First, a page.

As Putin continues to be bogged down in Ukraine and Russian war crimes stack up, people are rightly applauding the resistance of the Ukrainian people. What is not being discussed, however, is how this war is no longer just a war of national defence against the Russian invasion, but that it has also become a proxy war between the United States and Russia. Kieran Allen looks at the staggering amounts of weaponry being sent by the Biden administration to Ukraine and explains the reasons behind this.
No one can doubt Putin’s crimes. He targeted cities in Syria to aid the dictator Assad and is now deploying the same tactics in Ukraine. His attacks on Mariupol have levelled the city and caused countless civilian deaths.
Against such a brutal invasion, Ukrainian people have every right to resist. And while Putin claims he is championing the right of Russian speakers, the harsh reality is that he is bombing these very people. His brutal war is creating a greater sense of a unified Ukrainian nation than ever before.
Putin’s war tactics are a symptom of the brutality that accompanies the latest phase of imperialism. The unevenness of the global economy encourages the big powers to seek advantages against each other through military might.
China and the US are already shaping up to each other by combining economic competition with greater military resources. The South China Sea, for example, is being militarized by both countries and both are dramatically increasing their military spending.
This type of imperialism arises directly from the nature of capitalism. Ruling elites who are terrified by economic losses seek to compensate with military advantages. The biggest corporations rally around their own states in the hope of new economic advantages after military victories.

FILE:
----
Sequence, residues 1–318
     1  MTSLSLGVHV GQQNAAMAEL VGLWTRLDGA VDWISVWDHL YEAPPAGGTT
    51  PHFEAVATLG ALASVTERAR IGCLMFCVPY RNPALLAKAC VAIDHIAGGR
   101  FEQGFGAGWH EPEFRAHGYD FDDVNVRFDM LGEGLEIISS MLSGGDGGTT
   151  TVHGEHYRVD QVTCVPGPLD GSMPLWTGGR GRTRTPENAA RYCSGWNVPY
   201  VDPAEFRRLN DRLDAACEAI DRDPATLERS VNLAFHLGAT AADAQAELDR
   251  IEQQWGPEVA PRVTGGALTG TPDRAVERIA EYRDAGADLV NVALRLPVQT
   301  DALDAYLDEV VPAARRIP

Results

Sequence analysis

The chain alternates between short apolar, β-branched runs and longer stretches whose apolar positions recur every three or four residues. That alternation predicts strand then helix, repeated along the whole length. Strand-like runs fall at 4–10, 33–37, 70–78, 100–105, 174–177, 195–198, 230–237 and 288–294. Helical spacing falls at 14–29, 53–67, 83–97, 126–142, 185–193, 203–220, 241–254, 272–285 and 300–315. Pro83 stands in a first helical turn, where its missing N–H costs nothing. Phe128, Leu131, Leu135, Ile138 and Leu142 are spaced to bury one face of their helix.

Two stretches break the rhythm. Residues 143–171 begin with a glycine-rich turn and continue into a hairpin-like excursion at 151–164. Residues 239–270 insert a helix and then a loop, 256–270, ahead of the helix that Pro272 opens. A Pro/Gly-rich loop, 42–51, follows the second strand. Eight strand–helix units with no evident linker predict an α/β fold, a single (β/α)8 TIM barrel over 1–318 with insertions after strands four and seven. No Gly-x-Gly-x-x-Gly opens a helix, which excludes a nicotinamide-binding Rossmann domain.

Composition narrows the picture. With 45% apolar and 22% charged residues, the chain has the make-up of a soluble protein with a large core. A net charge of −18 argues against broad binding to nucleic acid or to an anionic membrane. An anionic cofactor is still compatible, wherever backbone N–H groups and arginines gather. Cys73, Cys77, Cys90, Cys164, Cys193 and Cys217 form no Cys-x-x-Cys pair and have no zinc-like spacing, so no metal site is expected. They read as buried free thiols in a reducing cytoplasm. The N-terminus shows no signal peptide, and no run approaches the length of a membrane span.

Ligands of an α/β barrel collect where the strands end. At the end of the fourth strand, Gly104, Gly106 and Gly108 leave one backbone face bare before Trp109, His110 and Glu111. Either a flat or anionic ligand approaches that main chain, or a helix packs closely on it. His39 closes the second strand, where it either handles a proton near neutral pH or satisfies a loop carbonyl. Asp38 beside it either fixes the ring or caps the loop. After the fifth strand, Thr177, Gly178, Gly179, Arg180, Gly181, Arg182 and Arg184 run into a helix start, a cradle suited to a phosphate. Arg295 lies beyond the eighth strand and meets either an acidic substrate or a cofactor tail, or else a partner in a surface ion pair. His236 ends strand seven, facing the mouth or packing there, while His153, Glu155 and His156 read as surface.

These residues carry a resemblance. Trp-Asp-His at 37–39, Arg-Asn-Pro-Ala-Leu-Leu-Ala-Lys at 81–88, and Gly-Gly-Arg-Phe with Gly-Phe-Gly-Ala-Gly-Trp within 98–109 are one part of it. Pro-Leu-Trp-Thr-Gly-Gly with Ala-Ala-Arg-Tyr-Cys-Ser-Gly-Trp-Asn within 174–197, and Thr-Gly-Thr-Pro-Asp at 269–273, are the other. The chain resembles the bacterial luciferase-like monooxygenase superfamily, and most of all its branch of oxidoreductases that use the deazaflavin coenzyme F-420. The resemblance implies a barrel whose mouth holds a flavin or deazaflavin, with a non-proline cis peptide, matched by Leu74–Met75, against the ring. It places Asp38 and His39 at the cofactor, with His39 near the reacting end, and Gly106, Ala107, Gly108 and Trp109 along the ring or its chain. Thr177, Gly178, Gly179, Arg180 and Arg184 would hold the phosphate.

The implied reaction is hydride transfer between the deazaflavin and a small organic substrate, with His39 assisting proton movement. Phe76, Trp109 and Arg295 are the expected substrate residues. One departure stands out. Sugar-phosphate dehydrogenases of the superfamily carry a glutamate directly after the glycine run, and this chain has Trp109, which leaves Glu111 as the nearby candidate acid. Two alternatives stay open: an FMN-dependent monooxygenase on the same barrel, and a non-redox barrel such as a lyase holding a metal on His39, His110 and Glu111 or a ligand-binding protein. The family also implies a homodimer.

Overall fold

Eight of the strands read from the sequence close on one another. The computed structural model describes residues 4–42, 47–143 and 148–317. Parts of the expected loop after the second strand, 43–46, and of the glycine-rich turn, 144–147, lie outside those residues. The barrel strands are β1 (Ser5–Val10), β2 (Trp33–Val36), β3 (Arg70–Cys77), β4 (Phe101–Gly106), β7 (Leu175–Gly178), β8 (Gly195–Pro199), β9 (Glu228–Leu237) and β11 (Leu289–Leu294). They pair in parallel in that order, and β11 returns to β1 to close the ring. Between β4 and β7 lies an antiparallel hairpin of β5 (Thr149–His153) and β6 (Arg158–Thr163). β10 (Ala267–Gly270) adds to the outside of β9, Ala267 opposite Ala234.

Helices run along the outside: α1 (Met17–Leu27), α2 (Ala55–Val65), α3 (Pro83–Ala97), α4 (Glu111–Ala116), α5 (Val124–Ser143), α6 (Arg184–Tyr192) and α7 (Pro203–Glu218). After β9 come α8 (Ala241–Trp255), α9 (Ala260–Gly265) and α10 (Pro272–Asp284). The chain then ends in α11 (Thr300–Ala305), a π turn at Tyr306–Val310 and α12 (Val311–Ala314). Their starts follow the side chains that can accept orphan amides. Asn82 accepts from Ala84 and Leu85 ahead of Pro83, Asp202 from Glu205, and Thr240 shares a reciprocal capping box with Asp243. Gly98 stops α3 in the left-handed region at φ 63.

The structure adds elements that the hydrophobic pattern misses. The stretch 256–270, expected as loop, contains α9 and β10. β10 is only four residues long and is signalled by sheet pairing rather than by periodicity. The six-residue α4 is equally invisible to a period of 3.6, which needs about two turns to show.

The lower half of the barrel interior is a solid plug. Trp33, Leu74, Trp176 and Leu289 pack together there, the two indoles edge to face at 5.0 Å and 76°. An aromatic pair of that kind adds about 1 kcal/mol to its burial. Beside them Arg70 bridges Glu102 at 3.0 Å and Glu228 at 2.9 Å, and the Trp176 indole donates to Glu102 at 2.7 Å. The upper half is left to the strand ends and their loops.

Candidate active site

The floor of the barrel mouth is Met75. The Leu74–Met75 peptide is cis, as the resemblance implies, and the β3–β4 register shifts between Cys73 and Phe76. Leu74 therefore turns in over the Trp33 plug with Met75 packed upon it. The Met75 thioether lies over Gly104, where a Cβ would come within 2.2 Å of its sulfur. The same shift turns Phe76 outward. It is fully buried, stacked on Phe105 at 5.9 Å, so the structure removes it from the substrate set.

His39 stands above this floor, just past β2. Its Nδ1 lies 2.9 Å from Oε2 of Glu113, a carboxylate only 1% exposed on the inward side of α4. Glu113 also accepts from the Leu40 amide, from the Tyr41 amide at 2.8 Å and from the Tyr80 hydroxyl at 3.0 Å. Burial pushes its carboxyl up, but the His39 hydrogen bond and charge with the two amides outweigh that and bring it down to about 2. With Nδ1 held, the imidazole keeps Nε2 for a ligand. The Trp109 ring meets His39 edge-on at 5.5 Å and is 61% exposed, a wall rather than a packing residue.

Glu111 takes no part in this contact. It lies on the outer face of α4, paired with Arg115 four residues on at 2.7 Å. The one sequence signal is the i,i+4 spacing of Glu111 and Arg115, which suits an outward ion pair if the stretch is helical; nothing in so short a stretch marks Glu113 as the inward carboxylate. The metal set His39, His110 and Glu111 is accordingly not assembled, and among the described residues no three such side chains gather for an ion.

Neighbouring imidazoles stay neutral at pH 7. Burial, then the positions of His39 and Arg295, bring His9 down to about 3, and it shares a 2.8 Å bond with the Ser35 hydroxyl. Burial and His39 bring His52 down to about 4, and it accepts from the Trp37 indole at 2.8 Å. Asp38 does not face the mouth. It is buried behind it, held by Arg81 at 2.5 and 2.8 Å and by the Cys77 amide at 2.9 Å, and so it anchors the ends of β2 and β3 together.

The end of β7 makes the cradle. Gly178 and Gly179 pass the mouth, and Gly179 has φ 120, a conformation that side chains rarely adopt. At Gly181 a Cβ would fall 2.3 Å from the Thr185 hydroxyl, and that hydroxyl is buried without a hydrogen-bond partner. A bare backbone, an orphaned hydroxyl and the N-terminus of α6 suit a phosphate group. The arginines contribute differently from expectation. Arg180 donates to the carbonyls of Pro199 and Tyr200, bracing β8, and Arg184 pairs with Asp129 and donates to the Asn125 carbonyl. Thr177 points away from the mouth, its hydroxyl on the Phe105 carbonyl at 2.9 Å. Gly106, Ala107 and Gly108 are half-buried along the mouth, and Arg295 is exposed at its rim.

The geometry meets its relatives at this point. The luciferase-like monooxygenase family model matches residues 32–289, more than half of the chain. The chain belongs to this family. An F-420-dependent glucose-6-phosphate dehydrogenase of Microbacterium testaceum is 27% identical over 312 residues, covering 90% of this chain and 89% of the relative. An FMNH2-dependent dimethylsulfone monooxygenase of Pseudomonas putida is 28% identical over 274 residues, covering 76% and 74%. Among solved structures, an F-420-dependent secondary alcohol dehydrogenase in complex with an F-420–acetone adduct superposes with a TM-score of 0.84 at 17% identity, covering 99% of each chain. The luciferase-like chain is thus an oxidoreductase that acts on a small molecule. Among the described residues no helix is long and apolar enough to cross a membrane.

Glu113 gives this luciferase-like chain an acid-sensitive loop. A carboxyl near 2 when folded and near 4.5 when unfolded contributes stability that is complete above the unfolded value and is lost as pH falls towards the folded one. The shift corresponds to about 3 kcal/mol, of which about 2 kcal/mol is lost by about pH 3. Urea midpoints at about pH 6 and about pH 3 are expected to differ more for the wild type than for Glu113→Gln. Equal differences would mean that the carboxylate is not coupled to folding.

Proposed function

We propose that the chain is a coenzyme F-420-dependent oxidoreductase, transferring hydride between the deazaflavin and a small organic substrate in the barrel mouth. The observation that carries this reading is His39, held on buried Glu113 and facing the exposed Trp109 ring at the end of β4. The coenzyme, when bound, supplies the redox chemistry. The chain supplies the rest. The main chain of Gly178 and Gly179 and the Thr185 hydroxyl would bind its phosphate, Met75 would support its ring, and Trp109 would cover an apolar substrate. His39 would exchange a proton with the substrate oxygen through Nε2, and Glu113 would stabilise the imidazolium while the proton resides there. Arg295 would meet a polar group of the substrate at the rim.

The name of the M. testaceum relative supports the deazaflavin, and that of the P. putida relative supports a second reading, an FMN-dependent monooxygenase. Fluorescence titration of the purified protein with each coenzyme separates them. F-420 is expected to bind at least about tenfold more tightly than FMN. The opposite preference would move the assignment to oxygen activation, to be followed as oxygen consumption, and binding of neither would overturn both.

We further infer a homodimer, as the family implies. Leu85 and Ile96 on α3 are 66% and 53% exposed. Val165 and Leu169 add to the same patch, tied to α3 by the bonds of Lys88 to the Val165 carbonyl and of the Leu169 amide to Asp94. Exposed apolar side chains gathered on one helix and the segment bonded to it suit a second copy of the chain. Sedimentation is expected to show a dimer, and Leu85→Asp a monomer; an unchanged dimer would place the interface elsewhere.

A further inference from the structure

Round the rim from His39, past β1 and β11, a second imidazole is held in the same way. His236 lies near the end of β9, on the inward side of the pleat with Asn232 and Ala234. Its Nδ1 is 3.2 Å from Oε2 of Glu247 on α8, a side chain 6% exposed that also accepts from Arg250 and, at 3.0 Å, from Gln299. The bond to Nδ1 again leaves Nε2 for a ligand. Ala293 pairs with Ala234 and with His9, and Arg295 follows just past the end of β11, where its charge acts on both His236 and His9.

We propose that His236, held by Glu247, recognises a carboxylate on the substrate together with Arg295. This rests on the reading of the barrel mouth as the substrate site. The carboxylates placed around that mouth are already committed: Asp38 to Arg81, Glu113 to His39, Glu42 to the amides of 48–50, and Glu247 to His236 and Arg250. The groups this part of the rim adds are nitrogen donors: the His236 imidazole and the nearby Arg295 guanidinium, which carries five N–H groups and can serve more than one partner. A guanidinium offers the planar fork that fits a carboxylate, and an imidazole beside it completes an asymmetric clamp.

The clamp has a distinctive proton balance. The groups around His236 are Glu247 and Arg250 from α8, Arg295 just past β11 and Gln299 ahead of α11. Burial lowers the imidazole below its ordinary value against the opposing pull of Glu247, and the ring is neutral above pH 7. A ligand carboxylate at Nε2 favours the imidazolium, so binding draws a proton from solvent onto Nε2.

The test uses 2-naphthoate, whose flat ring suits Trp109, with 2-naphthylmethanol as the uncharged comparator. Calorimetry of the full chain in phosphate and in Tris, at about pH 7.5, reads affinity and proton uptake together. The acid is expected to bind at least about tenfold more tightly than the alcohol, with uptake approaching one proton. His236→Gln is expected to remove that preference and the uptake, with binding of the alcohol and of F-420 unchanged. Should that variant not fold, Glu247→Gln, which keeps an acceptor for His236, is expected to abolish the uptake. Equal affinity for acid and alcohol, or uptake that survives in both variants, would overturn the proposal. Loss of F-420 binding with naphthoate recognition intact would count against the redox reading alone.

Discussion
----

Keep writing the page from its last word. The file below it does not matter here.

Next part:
Looked at from this vantage point, the war in the Ukraine is both a war of national defence against a Russian invasion and a proxy war between two imperial powers, the US and Russia. Those who seek to deny or minimise the latter aspect are blind to this reality.
Consider only the sheer scale of the US intervention in Ukraine. It cannot be construed as simply sending a few weapons to resistance fighters. The US has been involved in arms transfers and training of Ukrainian armed forces since 2014.
Since February 2022, it has sent $3.4 billion of weaponry. On March 16th, the White House produced a fact sheet on what it had supplied by that date. It included the following: 800 Stinger anti-aircraft systems; 2,000 Javelin, 1,000 light anti-armour weapons, and 6,000 AT-4 anti-armour systems; 100 Tactical Unmanned Aerial Systems; 100 grenade launchers, 5,000 rifles, 1,000 pistols, 400 machine guns, and 400 shotguns; over 20 million rounds of small arms ammunition and grenade launcher and mortar rounds.
But that list was only the latest tranche it sent. In addition to the above, it had also previously sent over 600 Stinger anti-aircraft systems; 2,600 Javelin anti-armour systems; five Mi-17 helicopters; three patrol boats, four counter-artillery and counter-unmanned aerial system tracking radars; four counter-mortar radar systems; 200 grenade launchers and ammunition.